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Asian businesswoman being discriminated against at work

“Alarming” rate of discrimination in Hong Kong offices

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Almost one fifth of employees in Hong Kong say they have faced discrimination in the workplace, yet most affected staff have never taken action over it to avoid being labelled as “trouble-makers”.

According to the Study on Discrimination in the Hong Kong Workplace conducted by Equal Opportunities Commission, 18% of employees in the country have been discriminated against.

The study, which polled more than 2,000 employees, found the most common type of discrimination encountered was age discrimination (64%).

Other types of discrimination and harassment encountered were related to gender (21%), sexual harassment (17%), family status (14%), pregnancy (10%), marital status (9%) and the status of being new immigrants (11%).

ALSO READ: Half of work discrimination complaints nationality-related

“The high rate of discrimination in the workplace is alarming and unacceptable,” Dr John Tse Wing-ling, convenor of the EOC’s policy and research committee, said.

“That is why our city has put into place four anti-discrimination ordinances to protect employees from job discrimination on the grounds of gender, pregnancy, marital status, disability, race, and family status, as well as different forms of harassment.”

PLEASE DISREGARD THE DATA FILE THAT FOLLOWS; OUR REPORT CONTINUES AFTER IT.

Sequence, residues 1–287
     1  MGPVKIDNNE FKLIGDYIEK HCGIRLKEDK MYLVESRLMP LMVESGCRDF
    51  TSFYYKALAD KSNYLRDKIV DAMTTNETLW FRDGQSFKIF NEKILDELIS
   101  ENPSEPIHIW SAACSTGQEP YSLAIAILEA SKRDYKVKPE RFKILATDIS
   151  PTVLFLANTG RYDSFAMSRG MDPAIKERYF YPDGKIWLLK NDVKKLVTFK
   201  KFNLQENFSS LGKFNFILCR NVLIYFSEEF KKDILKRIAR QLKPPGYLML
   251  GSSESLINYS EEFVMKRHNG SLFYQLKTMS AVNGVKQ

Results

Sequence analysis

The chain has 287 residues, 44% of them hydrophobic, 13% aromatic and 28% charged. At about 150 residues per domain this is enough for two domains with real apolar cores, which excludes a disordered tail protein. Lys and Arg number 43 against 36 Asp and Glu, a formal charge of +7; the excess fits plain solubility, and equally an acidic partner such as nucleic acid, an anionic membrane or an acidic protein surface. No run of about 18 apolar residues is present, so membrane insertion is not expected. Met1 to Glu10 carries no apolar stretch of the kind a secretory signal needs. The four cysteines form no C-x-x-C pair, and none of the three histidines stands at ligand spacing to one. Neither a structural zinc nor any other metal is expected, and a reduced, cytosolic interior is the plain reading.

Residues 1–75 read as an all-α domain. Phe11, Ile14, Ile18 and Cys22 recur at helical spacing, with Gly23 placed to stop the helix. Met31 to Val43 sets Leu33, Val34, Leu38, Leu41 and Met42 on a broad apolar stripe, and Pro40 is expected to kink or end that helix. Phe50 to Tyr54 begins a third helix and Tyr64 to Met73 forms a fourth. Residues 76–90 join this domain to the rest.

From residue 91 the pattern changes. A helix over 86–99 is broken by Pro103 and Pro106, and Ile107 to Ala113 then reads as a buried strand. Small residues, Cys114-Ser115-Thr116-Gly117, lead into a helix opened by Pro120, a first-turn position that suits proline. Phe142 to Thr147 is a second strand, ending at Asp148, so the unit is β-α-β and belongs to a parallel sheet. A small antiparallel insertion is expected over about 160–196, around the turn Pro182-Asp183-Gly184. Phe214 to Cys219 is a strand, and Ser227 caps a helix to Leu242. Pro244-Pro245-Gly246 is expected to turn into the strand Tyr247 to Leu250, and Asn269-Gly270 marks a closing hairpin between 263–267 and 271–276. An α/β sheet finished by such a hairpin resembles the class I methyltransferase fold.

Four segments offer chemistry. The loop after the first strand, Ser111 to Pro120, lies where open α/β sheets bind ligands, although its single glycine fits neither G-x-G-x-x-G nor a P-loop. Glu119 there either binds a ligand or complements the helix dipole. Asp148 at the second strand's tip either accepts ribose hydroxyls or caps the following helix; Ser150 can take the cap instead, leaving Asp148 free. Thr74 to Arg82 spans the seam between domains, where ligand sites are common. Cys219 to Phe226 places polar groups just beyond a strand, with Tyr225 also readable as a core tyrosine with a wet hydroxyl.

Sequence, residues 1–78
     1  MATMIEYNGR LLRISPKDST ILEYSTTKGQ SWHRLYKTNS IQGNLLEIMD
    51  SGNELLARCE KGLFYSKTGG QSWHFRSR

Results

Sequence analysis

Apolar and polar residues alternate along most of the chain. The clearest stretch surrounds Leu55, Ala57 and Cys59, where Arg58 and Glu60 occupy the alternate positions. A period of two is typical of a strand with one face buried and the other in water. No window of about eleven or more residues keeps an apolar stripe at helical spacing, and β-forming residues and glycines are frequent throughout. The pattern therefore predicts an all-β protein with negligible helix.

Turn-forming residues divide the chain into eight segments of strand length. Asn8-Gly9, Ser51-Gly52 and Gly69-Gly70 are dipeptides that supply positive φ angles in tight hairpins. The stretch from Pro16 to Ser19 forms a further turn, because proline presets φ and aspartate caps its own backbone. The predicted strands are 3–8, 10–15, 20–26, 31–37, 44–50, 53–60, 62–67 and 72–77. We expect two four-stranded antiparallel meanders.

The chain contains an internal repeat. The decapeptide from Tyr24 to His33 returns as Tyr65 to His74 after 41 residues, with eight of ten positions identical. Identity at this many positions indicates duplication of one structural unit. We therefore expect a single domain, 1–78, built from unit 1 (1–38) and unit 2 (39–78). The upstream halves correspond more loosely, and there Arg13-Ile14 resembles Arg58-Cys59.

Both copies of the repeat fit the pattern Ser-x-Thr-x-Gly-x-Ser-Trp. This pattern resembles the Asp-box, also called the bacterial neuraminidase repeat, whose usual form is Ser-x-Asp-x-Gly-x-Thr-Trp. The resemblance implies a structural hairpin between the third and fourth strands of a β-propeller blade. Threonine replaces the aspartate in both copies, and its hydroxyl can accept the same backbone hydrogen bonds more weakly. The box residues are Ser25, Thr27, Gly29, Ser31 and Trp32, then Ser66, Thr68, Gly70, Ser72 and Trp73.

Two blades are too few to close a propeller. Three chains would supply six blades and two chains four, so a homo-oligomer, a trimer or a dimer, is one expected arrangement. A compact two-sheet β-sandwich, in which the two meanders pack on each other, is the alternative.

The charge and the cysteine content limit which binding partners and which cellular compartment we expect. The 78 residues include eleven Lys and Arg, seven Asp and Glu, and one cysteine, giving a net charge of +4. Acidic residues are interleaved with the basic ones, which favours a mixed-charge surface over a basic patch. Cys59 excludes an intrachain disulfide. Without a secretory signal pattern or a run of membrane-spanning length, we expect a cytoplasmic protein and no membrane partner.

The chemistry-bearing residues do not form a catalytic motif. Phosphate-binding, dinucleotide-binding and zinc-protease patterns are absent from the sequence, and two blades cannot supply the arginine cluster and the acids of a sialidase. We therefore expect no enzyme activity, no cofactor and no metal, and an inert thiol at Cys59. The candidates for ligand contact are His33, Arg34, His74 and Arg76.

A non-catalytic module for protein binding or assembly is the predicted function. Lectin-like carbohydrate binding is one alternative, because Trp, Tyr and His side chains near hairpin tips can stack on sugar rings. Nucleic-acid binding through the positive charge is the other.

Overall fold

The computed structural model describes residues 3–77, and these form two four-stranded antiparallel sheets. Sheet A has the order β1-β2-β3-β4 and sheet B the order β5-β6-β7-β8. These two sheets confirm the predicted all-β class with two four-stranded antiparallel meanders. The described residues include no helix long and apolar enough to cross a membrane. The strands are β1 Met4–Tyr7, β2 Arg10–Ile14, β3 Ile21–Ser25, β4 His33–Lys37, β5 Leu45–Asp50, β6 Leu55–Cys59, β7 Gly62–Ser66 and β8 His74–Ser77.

The report highlighted 57% of workplace discrimination occurred in small and medium-sized enterprises, and 14% in companies with more than 500 employees.

Almost one in five (19%) of employees in wholesale and import/export trade had encountered discrimination.

ALSO READ: Expats put off Hong Kong by lack of LGBT protection

Alarmingly, the study also found victims had no intention of lodging complaints to the company management, as they considered they would be unable to address the problem. Many also wanted to avoid being labelled as trouble-makers.

In total, 94% of those who had encountered discrimination did not take any action for the reason that they “will not take it seriously as it is common in the workplace” and such actions “could not help”.

“Discrimination in the workplace can affect staff morale, which directly impacts work performance,” Wing-ling said.

“Consequently, preventing discriminatory practices that impact the workplace is to the advantage of a business. It will mean higher profits in the long run by increasing productivity, as well as avoiding the expenses due to staff turnover and retraining, and bad publicity.”

Tse also noted enhancing public education is vital to ensure a more positive attitude is encouraged for lodging complaints. Additionally, business leaders must provide relevant training for management and HR to be better equipped to deal with discrimination cases.

Image: Shutterstock

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